Time for Spring Cleaning!
The birds are chirping and the warm winds are once again blowing and that means it’s springtime.
It’s that special time that only comes around once a year, and I don’t want you to miss it. It’s called spring cleaning. Your amazing vinyl windows need some cleaning once in a while and if you do it, you won’t run into broken parts, unsightly stains or a window that won’t open and close.
Springtime Just to Make Your Life Easier
Yes, your vinyl windows are “maintenance free” compared to other windows, but that doesn’t mean they’re impervious to pollution, dirt, dust, bird droppings, mould, and blowing sand carried in the winds. It’s amazing how resilient vinyl windows are, but cleaning them at least once a year is a good idea.
If your windows are left open in the summer, then even more dust and dirt may get right inside the channel inside the sash. Spring cleaning ensures you get the dirt that’s been deposited there during the winter.
Fine dirt and dust somehow finds its way in and that could result in scratched parts, broken hardware, and even broken seals when someone tries to force the window open or shut. A lack of care for the windows could even result in them losing their thermal or Low capabilities.
First you clean the inside of the frame where the window opens, then after comes the easier task of cleaning with window surface.
Cleaning Tips for Vinyl Windows
First thing to do is head to your garage or storage room and grab:
- a bucket with hot water
- add 3 cups of vinegar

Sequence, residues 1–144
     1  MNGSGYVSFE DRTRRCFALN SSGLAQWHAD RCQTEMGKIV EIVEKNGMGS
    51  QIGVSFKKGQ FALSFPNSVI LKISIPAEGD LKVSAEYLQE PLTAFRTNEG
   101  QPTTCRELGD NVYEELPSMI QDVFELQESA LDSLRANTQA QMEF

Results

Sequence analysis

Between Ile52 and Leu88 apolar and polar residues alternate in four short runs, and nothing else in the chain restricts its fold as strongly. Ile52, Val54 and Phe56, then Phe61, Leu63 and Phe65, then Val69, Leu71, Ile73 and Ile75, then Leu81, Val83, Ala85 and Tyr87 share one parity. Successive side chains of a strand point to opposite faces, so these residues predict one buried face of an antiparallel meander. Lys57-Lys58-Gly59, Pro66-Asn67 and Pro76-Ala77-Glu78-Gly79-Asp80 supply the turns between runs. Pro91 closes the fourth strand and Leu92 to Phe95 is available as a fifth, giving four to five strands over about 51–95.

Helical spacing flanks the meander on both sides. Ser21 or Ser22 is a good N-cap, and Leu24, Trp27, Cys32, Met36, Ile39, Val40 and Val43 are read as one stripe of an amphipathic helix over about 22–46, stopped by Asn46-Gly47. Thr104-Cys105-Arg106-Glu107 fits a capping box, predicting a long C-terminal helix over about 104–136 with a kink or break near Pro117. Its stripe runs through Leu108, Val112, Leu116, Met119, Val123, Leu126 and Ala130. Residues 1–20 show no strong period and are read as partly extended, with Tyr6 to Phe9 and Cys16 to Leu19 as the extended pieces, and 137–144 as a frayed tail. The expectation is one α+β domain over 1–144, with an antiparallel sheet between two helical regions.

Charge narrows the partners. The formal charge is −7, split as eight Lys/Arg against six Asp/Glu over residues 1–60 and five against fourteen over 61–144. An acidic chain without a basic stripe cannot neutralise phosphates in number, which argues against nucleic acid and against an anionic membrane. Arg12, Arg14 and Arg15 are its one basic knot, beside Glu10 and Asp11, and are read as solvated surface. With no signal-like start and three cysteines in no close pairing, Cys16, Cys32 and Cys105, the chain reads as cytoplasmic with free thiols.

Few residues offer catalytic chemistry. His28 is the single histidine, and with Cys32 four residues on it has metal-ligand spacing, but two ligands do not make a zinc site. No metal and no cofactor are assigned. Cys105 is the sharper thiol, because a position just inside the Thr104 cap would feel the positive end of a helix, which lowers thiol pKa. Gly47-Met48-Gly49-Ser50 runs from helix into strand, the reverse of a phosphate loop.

- add a squirt of dish washing liquid
- soft cotton cloth
- small soft bristle brush.
- your vacuum cleaner, or a hand vac if you have one.
Open your casement, tilt and turn, hopper, crank out window, or whatever window have. Remove the bug screen carefully if you have one. Use your soft brush to loosen up any dirt or debris that is stuck on the sash or the channel where the window slides. Vacuum out the dirt, sand, and loose mould if it’s there.
Using a soft wet cloth, wipe the channel until you’ve picked up all the mud or dirt remaining there. Don’t forget to clean the hinges under swinging windows, and then lubricate them afterward.
Clean all the way around the frame where the moving windows swing or slide. Take the window out where possible such as single hung windows. On a swing out window, it may be difficult to get at area near the hinges, but any parts that touch have to be cleaned. Otherwise, you may not have a good seal and air could leak, or your latch may not close/lock the window fully. Sounds tedious I know, but your energy bill is important.
Stains and Mold on Windows
If there are stains or mould, try your best by gently rubbing with vinegar first. If that doesn’t work, you may choose to use a little bleach (1 part bleach to 4 parts water) to remove them. Don’t scrub with anything abrasive because you’ll scratch the surface.
To clean the windows themselves, use vinegar and water solution with a soft cloth suitable for cleaning glass surfaces. Don’t press hard on the window surface as you may affect the seal. Seals are tough but putting a lot of sudden pressure on them is not advisable.
Don’t forget to clean the track of your sliding patio doors too. If they’re squeaking and not sliding smoothly, there’s dirt in the track or rollers.
With that out of the way, you can get a new cloth or sponge and clean the window surface using Windex or water and vinegar. Don’t use the dirty water from the bucket whatever you do!
I hope this window cleaning process helps you make your beautiful windows sparkle and keeps them operating perfectly. Enjoy the spring and summer months ahead.
While do-it-yourself-windows sounds like a good way to save money, vinyl windows are usually not warranteed unless they’re installed professionally. Poor installation can result in the product failing. See our post on window installation.